Christopher Brooks 15:18
Great. Great. Thank you.
Gregorio Uglioni 15:19
I would like to touch base on another topic with you, Christopher, you wrote an outstanding chapter on customer experience to last year and I was really enlightened, because we had we discussed about this matrix, you have another view on the on this valuated matrix. Could you please elaborate? How did you create this chapter was about?
Christopher Brooks 15:43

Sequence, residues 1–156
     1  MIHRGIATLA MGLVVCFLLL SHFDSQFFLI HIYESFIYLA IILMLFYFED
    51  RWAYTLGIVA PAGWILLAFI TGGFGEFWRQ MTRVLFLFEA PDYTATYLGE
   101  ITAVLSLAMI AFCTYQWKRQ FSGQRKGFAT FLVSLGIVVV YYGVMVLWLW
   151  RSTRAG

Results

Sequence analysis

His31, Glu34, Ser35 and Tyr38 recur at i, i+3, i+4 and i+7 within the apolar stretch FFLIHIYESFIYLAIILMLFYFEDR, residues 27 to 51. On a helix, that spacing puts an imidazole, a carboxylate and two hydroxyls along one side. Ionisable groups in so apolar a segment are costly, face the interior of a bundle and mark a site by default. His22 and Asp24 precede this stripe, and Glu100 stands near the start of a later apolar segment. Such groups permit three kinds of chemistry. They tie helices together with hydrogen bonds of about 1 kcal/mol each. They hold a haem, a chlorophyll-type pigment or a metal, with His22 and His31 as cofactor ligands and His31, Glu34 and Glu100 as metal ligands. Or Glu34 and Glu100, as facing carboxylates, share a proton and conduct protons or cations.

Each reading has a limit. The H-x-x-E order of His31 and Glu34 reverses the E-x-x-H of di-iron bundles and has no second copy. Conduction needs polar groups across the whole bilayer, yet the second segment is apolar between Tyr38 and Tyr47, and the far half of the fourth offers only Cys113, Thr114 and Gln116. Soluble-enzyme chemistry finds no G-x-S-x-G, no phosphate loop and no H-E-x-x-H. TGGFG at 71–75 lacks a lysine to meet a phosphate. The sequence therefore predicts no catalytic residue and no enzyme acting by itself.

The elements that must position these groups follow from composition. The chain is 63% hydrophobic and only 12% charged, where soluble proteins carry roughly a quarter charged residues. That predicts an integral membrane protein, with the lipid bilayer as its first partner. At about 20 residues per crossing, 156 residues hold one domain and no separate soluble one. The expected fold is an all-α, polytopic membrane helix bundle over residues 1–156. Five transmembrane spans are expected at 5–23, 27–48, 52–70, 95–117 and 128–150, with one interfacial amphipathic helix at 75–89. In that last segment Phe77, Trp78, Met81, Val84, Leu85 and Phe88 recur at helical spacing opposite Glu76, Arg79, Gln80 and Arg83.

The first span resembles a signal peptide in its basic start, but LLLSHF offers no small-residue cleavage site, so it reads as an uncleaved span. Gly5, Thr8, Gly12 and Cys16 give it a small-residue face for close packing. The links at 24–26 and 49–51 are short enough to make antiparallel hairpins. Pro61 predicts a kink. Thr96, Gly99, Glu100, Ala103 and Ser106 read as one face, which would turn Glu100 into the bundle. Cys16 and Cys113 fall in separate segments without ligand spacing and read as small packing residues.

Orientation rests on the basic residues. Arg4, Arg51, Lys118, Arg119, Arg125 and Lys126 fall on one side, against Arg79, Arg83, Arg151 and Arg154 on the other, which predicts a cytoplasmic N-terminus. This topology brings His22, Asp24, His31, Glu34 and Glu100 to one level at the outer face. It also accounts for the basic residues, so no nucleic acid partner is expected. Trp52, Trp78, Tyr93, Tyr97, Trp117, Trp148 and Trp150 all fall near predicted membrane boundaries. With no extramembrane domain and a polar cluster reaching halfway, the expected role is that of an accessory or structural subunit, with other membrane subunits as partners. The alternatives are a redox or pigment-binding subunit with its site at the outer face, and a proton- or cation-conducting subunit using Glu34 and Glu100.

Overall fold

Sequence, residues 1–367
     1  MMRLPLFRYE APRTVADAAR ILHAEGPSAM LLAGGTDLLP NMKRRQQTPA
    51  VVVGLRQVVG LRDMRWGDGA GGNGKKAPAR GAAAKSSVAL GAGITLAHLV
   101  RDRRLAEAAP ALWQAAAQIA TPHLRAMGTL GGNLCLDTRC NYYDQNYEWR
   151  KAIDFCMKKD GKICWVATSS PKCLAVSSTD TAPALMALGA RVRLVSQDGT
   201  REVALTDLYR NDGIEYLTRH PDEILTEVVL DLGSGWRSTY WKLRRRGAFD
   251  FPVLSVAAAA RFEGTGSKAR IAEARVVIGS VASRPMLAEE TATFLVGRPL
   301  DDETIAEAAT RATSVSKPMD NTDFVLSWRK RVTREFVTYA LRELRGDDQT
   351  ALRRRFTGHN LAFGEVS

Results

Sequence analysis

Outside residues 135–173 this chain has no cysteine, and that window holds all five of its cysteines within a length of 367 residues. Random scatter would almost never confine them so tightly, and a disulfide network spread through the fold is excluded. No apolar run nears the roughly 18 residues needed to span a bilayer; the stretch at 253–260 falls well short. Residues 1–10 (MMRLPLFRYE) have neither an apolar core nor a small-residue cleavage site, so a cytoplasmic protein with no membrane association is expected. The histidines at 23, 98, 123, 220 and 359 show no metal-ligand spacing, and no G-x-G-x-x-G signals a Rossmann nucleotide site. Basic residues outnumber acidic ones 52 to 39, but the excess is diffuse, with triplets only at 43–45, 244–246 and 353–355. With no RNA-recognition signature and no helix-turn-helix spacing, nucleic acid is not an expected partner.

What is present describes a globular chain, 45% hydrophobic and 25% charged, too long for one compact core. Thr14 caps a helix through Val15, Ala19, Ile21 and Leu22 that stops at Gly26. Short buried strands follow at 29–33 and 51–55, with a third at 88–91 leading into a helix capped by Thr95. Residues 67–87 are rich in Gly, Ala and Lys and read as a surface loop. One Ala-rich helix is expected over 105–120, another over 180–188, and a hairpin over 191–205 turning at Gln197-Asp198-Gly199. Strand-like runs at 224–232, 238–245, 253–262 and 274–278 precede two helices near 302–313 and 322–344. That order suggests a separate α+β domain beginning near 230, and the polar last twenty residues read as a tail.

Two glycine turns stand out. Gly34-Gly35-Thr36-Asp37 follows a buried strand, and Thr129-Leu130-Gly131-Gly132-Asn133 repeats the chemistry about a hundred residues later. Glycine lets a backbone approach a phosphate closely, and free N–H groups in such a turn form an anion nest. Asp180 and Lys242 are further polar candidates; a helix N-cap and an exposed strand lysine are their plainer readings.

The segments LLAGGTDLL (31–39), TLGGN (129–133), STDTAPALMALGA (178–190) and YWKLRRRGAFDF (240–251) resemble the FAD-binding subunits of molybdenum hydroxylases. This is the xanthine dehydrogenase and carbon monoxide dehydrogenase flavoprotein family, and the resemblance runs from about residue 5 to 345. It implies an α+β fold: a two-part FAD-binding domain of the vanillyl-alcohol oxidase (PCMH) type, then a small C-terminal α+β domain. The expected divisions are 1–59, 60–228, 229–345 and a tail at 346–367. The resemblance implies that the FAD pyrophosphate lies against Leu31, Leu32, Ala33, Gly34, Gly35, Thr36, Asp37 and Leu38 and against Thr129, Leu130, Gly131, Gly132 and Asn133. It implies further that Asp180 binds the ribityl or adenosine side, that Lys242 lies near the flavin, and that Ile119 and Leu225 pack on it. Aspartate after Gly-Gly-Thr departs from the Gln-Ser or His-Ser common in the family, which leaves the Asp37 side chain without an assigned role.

So I will interestingly, it started on a point of plagiarism. So I was talking about measuring behavioral change, and how important it was to not focus on perceptive measures like satisfaction, etc. And I got a phone call from Dr. Professor Phil Klaus, who was at Cranfield at the time. And he said, Hey, I understand you are plagiarizing my work. Oh, my God, what have I done? Why don’t we go, Hey, we were chatting and kind of, you know, he, he kind of said, you know, said it half jokingly, but he probed a bit and realize it wasn’t the case, I just was completely aligned with his way of thinking, and I’ve never come across him before. This was about seven or eight years ago now. And he said, Let me tell you about my studies and the work I’ve been doing. And basically, he unlocked this incredible treasure trove of research and shared with me, the studies that have been doing to identify that there are a certain number of behavioral drivers, which influence a significant proportion of our decision making. And because their actual changes, as opposed to I tell you, I’m going to recommend you to someone else, or my sentiment says, and I’m satisfied, but it could change. These are things that were one state and became a new state. They’re 100% reliable. And it was incredible. The more I looked at the study, the more I understood, it worked out that 90% of all decision making could be attributed to 25 behavioral changes. And those 25 behavioral changes when you spoke to customers, they could brilliantly articulate them as customer experiences. So Oh, my God. Now the thing that I feel had, he’s an incredible brain. And he’s still, to me, the world’s best academic customer experience. And someone I will always be indebted to for, for helping me to see the the good path to follow. But it’s a very spiky language. It’s a very academic language. So we work to kind of convert it into something that businesses could understand. And we go back, and we work with those businesses in association with the work that field does. And they love it, because they have something measurable. Now, this is where we were before, these are the things we needed to change. And this is where we go now. Now Phil’s work has actually allowed him to identify the revenue gain the share of the return on investment. So if you need to make it commercial, you can, you don’t chase a, you know, your prize is not a number, it actually becomes almost like a statement. You know, this is where we were, this is where we want to be. And it gives the correct focus. So I’ve been very blessed to work with that. I’ve seen it work in many countries, many industries. And that was what the basis of the book, I wanted to get that across Philidor written that really written a book called customer experience measurement. And it was the science of how you do it, I wanted to bring it to life in terms of practically how it would work in an organization. And also then add to it, this idea of we call it the Milo matrix, which is about how you prioritize what you’re going to focus in on. And it’s and I think I’ve coined vim from your value impact matrix. It’s a similar kind of proposition or premise, it kind of says, you know, what matters most to customers. And we know that from the study, and what the organization is best at delivering. And therefore you end up with these four quadrants, and therefore different strategies in terms of how you take your customers, your customer experience improvements forward. So that’s the premise of it, it’s the science, but we kind of you know, we put it under the bonnet, and you just look at this lovely, shiny purring car, you don’t worry about what’s under the bonnet. And then we create a framework which allows you to understand where to sort of focus and, and thank you for saying that. I mean, I’ve had some really delightful feedback. I mean, it’s a it’s a chapter amongst 22 And this stumbled Brilliant stuff in there. But yeah, I must have had I don’t know a dozen notes come back on LinkedIn to say, oh my god, this is just so helpful. So it’s great to know that in a publication like that, you you do manage to get standout and I understand customer experience too is going to be surpassed by customers experience three, which you are contributing towards as well as that correct?